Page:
Prednisone & Corticosteroids: Helpful Tips

What doctors/pharmacists don’t tell you.”

January 3, 2014

It is amazing how frequently the subject of steroids comes up. Just in the last two weeks, three people told me they were on prednisone and they were all irritable about the side effects. One was taking them for sinus problems; another was taking prednisone for arthritis. The third was taking them for an MS flare-up.

They are powerful drugs and are prescribed often for people with and without MS. Why? Because their primary purpose is to reduce inflammation. And inflammation occurs in all parts of the body, and these drugs do help.

But there is much to know about steroids, and unfortunately, the doctor and the pharmacist never tells it all. The first experience with steroids is horrifying to say the least, and creates tremendous confusion and stress. I personally hated them in the beginning, but after I understood my own body’s reactions and the fact that they did work for me, steroids became my friend.

For folks with MS, corticosteroids (“steroids”)—usually Solu-Medrol and prednisone– are used to reduce the duration and severity of a flare-up (or exacerbation, or attack). Solu-Medrol is given intravenously for 3-5 days usually at home (about 1-2 hours per day). Prednisone is given orally usually over a 10-14 day period, beginning with a very high dosage (e.g. 80mg/day works for me) and tapering down the last week to 10 mg. by the last day.

What to know about steroids:

• Again, the purpose of steroids is to reduce inflammation. When the dosage is high, the immune system will become suppressed. Therefore, you want to take all measures to keep your resistance up and your exposure to infections, colds and viruses low. If you currently have an infection or virus causing the flare-up, try to get rid of the infection/sickness before getting on the steroids if possible.

• A very common side effect of steroids is water retention. Eliminate as much salt as you can from your diet while taking them. This goes beyond table salt. Canned, frozen and packaged foods, pickles, condiments, luncheon meats, etc. are loaded with sodium; so avoid these and eat bland and fresh foods. Often, people will get what they call a “moon face”; the face can become full and rounded.

• Appetite usually increases when taking steroids, so stick to snacks like carrot sticks, celery, apples, or unsalted popcorn. The sacrifice of a strict food regime for a maximum of two weeks is well worth the extra pounds you won’t gain and have to worry about later.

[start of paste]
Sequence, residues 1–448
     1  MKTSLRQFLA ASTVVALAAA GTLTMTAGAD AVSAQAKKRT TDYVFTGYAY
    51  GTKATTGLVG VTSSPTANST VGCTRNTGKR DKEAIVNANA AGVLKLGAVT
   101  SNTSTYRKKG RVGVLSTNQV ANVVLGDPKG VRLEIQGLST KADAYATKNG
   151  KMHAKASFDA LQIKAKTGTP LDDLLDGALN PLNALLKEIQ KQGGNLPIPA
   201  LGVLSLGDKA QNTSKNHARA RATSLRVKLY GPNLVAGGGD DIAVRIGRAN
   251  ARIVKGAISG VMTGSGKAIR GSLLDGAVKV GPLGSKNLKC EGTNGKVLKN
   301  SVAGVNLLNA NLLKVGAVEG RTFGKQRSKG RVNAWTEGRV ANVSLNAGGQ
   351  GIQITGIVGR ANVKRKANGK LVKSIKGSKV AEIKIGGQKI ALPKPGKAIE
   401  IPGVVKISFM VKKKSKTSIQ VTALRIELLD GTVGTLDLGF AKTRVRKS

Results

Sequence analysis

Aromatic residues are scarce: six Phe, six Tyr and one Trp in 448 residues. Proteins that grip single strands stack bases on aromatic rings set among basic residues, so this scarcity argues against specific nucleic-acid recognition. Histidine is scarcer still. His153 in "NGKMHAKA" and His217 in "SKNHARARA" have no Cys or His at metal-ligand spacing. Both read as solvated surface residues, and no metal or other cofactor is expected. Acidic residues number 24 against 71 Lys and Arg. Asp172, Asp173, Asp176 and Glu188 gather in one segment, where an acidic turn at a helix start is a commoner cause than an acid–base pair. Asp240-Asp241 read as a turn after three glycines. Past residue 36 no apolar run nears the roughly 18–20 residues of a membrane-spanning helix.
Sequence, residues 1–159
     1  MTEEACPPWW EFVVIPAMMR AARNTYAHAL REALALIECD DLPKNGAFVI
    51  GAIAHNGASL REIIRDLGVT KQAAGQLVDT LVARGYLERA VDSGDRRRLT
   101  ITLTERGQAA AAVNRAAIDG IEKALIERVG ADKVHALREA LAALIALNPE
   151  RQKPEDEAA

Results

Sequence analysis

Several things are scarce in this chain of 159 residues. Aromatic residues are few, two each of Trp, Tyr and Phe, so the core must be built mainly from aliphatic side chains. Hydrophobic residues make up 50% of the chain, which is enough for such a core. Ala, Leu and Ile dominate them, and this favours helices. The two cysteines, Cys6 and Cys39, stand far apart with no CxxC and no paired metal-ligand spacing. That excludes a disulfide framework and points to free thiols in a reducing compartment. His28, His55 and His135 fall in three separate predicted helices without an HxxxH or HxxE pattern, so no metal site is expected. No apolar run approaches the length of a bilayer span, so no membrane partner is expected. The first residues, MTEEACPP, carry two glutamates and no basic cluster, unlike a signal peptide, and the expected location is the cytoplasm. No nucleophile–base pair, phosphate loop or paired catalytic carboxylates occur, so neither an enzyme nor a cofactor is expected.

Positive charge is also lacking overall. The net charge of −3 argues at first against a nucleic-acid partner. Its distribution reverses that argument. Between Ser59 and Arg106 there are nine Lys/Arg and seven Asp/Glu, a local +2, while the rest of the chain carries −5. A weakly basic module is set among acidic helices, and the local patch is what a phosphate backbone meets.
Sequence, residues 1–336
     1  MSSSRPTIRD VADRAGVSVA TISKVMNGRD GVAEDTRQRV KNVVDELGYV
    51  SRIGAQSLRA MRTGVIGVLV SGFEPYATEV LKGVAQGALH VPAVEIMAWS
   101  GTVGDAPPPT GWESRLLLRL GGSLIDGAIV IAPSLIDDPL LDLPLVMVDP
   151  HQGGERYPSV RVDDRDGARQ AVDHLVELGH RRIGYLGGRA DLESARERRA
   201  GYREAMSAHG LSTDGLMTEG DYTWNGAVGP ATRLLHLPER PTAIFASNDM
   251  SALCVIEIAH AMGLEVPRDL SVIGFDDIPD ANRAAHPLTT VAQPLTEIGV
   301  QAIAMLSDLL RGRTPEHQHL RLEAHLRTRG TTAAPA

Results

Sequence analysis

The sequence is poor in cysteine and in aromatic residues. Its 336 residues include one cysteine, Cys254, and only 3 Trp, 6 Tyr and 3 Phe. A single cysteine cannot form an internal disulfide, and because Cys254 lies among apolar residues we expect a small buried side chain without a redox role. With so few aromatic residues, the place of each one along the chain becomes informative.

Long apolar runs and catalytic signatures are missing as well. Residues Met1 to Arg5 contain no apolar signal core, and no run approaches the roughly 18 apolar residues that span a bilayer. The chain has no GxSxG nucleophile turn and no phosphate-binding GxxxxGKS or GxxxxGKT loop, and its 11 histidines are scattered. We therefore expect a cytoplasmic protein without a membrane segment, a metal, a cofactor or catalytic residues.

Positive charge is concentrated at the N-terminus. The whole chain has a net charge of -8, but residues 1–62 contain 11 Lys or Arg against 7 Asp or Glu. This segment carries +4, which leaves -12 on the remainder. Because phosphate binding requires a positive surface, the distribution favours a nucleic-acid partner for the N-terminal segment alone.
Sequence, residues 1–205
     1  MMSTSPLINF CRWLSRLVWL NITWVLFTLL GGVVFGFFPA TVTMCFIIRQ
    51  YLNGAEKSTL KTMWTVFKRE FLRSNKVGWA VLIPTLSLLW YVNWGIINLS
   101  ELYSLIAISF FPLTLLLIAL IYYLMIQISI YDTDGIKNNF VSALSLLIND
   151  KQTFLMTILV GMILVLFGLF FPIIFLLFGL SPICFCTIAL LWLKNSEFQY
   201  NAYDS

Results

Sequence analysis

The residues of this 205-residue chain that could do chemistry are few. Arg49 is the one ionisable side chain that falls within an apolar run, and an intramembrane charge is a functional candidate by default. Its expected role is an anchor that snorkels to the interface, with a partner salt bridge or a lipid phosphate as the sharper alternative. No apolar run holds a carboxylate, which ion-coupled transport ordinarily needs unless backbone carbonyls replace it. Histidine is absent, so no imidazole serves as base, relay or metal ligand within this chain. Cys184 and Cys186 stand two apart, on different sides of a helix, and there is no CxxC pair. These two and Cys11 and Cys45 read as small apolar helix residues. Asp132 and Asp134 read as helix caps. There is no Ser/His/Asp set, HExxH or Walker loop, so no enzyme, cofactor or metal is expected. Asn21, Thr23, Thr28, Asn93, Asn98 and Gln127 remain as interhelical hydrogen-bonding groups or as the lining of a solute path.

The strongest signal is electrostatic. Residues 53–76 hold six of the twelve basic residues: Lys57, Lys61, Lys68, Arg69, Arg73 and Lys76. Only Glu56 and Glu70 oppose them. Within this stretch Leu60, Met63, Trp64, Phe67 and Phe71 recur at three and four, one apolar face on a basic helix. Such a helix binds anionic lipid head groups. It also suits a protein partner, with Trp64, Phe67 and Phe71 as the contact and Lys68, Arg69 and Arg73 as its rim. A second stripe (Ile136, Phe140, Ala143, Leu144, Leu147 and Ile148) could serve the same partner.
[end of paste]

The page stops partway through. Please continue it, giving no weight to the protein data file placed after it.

• Once you start steroids, follow the complete program and do not just quit taking them. If you do, it can inhibit your adrenal glands from producing the natural amount of cortisol later.

• A universal complaint is insomnia. Speak with your doctor about sleeping pills. Even with a sleeping pill, you may only get four to six hours of sleep. Try to read, do paperwork, or anything that will keep you from dwelling on not sleeping.

• There are many other side effects when taking steroids; the amount, type, duration will be different for everyone. For example, I get supercharged and euphoric when I’m on steroids, especially when they kick in and my symptoms are improving. I also get very constipated. Other frequent complaints include irritability and mood swings. If you are anxious, consider asking your doctor about an anxiety pill to minimize stress.

• For women, it is not proven yet whether steroids affect birth control pills. It is always a good idea to use additional protection while on steroids.

• Try to temper your expectations and not compare yourself to anyone else. Some people respond faster and better than others. Take notes everyday about what is improving, what isn’t, how much… It will help with your next episode. You will learn your own body reactions and patterns as time goes on.

• When a steroid program is finished, a person will often go into drug withdrawal. Symptoms may worsen again, and different side effects can pop up. For me, I get the shakes, anxiety, weepy, acne, some hair loss, sleepy; and my symptoms will be worse than before I even got on the steroids. After my “withdrawal” period, my symptoms will adjust to what will be normal for me; and all of the other side effects from steroids will go away. After having been on steroids on average of twice a year over the course of my MS, I’ve learned what to expect and how to ride it out.

• There are serious side effects to using steroids over a long length of time—like months or even years. These include things such as bone density loss. As always, one needs to weigh the benefits against the positives when taking any drug.

Sometimes, steroids work for a person, and sometimes they don’t. And of course, all people react to a drug differently—both in response to the effectiveness and to the side effects.

All you can do is try. If it works, great; if it doesn’t, well something else will have to be tried to alleviate the problem.

www.DebbieMS.com

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